From: Eric Niebler (eric_at_[hidden])
Date: 2008-04-05 21:26:17
Peter Dimov wrote:
> Eric Niebler:
>> make_plus is trickier. It must be optimal and safe. When passed lvalues,
>> it should return a new node that holds the children by reference. When
>> passed rvalues, it should return a new node that hold the children by
>> == Problem ==
>> Here's the thing ... I have no idea how to implement make_plus as a TR1
>> function object.
> I think that you are right; you can't implement make_plus as a C++03
> function object. result_of is a red herring. The missing part is &&, not
> decltype (which result_of is supposed to approximate).
> You can do this:
>> struct make_plus
>> template<typename Sig> struct impl;
>> template<typename This, typename Left, typename Right>
>> struct impl< This(Left, Right) >
>> // Left and Right are allowed to be reference types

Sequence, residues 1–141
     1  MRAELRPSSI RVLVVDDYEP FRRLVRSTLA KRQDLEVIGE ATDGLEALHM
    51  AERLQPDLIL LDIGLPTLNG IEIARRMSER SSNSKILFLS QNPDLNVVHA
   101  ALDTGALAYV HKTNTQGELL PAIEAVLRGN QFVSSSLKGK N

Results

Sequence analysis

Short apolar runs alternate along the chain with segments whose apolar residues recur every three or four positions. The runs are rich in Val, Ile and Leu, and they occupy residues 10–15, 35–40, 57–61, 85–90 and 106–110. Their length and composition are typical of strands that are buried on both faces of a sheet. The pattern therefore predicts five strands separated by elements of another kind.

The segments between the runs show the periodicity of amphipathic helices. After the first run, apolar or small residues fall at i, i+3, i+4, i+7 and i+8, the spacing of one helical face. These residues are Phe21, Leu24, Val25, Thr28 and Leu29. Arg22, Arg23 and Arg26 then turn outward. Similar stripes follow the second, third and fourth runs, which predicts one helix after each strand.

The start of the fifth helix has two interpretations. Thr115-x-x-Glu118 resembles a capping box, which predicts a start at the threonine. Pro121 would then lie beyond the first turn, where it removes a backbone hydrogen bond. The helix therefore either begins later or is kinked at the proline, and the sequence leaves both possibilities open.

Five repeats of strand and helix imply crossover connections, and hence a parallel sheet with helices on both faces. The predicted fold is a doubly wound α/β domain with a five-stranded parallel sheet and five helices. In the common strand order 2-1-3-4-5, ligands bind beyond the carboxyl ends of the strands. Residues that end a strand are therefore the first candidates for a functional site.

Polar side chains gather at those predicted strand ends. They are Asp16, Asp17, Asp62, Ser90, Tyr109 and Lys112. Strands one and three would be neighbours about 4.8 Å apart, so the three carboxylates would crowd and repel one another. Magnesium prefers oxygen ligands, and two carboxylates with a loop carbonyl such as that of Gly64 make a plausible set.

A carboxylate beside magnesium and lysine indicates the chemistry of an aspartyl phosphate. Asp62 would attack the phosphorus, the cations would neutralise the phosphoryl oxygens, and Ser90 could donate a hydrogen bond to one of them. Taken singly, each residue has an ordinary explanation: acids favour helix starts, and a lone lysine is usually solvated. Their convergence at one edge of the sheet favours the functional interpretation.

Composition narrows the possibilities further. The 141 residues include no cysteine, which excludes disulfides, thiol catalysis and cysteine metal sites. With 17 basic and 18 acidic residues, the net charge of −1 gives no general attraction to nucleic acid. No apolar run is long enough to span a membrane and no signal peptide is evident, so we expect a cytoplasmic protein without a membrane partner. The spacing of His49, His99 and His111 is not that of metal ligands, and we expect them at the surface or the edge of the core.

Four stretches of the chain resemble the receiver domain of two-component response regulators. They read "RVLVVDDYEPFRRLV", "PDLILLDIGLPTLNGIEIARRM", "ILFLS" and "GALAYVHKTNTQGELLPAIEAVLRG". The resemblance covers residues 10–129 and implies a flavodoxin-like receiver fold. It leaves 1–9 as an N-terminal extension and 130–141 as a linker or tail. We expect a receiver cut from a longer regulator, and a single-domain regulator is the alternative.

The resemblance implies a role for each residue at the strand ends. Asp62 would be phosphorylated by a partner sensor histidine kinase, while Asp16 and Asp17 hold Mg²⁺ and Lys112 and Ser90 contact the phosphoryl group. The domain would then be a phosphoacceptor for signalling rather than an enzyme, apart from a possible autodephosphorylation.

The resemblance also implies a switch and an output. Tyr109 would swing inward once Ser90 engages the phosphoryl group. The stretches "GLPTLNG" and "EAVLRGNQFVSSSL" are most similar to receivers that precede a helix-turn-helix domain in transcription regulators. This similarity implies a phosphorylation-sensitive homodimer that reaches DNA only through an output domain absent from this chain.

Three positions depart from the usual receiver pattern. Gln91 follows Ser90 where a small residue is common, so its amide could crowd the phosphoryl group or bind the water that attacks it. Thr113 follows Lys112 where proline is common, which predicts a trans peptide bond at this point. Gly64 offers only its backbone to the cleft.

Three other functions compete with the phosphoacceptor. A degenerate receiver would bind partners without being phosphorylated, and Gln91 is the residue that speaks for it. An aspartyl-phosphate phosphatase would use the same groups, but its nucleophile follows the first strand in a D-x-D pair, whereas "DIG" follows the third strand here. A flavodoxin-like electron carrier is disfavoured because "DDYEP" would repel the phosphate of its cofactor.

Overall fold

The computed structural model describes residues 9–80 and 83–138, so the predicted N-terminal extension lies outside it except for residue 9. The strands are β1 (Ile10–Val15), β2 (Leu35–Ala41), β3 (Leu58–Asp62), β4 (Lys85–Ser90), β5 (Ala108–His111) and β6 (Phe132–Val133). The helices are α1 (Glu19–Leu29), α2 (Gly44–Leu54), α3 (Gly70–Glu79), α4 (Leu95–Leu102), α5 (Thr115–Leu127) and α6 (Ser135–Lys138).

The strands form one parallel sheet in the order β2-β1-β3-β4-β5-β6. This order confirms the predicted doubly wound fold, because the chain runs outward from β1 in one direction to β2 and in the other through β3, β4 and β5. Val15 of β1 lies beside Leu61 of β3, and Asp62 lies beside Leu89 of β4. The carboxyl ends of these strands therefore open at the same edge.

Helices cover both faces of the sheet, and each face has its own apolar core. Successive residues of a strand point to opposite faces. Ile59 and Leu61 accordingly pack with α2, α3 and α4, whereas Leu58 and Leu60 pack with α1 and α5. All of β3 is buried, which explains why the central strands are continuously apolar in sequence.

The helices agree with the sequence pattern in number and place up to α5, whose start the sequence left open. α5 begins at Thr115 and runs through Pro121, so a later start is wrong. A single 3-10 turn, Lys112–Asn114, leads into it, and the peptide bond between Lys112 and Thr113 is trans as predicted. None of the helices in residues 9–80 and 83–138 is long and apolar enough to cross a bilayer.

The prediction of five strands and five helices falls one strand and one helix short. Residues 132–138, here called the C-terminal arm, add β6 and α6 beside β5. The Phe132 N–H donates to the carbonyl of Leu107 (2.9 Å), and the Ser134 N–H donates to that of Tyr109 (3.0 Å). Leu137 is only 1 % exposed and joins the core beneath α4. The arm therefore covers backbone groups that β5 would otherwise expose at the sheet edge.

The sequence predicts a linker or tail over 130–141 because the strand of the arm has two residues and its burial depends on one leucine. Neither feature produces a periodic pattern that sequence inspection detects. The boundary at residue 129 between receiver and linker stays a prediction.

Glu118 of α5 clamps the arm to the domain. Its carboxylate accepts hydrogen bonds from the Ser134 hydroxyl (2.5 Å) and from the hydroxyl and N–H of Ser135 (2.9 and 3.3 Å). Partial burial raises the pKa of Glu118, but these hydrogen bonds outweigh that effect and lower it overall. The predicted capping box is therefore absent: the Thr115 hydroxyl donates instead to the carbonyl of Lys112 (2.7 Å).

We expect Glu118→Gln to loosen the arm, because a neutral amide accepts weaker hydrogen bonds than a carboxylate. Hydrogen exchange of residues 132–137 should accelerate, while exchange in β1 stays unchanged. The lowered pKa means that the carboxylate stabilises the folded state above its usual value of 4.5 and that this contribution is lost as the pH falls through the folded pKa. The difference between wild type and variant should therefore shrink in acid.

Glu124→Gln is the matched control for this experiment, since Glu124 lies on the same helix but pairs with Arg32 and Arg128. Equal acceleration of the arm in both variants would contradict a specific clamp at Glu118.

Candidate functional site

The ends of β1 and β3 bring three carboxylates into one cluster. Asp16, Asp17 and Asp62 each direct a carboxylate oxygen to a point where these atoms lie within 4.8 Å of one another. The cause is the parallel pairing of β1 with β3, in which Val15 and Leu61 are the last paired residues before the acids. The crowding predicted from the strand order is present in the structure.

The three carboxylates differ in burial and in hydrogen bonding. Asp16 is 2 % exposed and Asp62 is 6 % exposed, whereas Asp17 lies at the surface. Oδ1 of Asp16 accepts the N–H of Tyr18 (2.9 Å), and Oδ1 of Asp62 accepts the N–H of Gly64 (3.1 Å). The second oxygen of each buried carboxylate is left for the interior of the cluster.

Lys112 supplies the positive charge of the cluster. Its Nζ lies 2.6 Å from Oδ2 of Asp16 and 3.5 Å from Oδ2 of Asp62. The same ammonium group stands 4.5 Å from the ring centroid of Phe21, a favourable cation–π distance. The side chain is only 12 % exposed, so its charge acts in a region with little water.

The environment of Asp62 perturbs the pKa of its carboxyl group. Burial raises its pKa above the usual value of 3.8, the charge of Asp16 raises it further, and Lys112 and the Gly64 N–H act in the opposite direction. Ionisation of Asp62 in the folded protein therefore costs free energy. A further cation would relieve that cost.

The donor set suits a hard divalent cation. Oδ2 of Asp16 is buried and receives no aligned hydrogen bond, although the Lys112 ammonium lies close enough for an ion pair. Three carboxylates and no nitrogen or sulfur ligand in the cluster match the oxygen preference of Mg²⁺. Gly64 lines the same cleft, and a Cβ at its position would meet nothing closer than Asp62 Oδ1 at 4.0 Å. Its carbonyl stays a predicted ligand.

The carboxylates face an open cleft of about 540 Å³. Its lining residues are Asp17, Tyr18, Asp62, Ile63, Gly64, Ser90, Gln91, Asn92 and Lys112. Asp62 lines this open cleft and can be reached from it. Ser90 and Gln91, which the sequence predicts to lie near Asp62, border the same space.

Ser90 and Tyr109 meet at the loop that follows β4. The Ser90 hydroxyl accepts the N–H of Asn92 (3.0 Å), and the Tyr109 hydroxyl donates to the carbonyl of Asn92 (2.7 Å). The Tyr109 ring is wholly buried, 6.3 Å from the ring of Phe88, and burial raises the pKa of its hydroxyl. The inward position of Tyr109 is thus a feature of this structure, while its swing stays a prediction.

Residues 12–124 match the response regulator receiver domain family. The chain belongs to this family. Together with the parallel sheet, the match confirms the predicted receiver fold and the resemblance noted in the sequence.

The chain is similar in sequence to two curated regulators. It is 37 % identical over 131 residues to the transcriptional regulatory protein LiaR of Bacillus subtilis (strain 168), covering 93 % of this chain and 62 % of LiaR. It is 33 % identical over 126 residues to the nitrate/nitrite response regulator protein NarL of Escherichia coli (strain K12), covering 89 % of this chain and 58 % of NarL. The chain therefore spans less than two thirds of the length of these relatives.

>> typedef plus<Left, Right>::type result_type;
>> result_type operator()(
>> typename add_const_ref<Left>::type left
>> ,typename add_const_ref<Right>::type right
>> ) const
>> return result_type(left, right);
> but it's not a function object.
Correct. However, I can do this:
struct make_plus : function_adaptor<make_plus>
// same as before
where function_adaptor implements the TR1 function object protocol and
makes some guess about const-ref arguments -- probably that they are
rvalues. It could even implement the reference_wrapper gunk to treat
reference_wrapper<X> arguments as if they were X&.
This is the route Proto is taking. Proto can query a function object F
if it uses this protocol and use it if it's available, getting correct
lvalue/rvalue handling. If it's not available, it uses result_of,
stripping references from argument types first.
I think I got the idea from reading through Egg's documentation. It
seems like if this sort of thing doesn't exist there, it probably
-- Eric Niebler Boost Consulting www.boost-consulting.com